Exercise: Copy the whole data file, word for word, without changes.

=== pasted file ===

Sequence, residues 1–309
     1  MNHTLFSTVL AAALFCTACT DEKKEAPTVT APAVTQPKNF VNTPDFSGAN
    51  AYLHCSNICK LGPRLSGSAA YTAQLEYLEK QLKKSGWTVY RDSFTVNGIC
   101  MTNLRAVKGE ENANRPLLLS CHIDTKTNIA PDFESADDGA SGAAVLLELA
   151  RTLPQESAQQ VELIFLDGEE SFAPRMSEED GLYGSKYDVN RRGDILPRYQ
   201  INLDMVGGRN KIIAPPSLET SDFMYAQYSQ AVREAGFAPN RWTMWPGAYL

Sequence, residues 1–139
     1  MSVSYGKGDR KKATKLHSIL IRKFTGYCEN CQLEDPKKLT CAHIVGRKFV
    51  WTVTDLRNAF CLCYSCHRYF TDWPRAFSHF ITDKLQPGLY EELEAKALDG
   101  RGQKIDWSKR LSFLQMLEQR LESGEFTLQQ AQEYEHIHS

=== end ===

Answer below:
Sequence, residues 1–309
     1  MNHTLFSTVL AAALFCTACT DEKKEAPTVT APAVTQPKNF VNTPDFSGAN
    51  AYLHCSNICK LGPRLSGSAA YTAQLEYLEK QLKKSGWTVY RDSFTVNGIC
   101  MTNLRAVKGE ENANRPLLLS CHIDTKTNIA PDFESADDGA SGAAVLLELA
   151  RTLPQESAQQ VELIFLDGEE SFAPRMSEED GLYGSKYDVN RRGDILPRYQ
   201  INLDMVGGRN KIIAPPSLET SDFMYAQYSQ AVREAGFAPN RWTMWPGAYL

Sequence, residues 1–139
     1  MSVSYGKGDR KKATKLHSIL IRKFTGYCEN CQLEDPKKLT CAHIVGRKFV
    51  WTVTDLRNAF CLCYSCHRYF TDWPRAFSHF ITDKLQPGLY EELEAKALDG
   101  RGQKIDWSKR LSFLQMLEQR LESGEFTLQQ AQEYEHIHS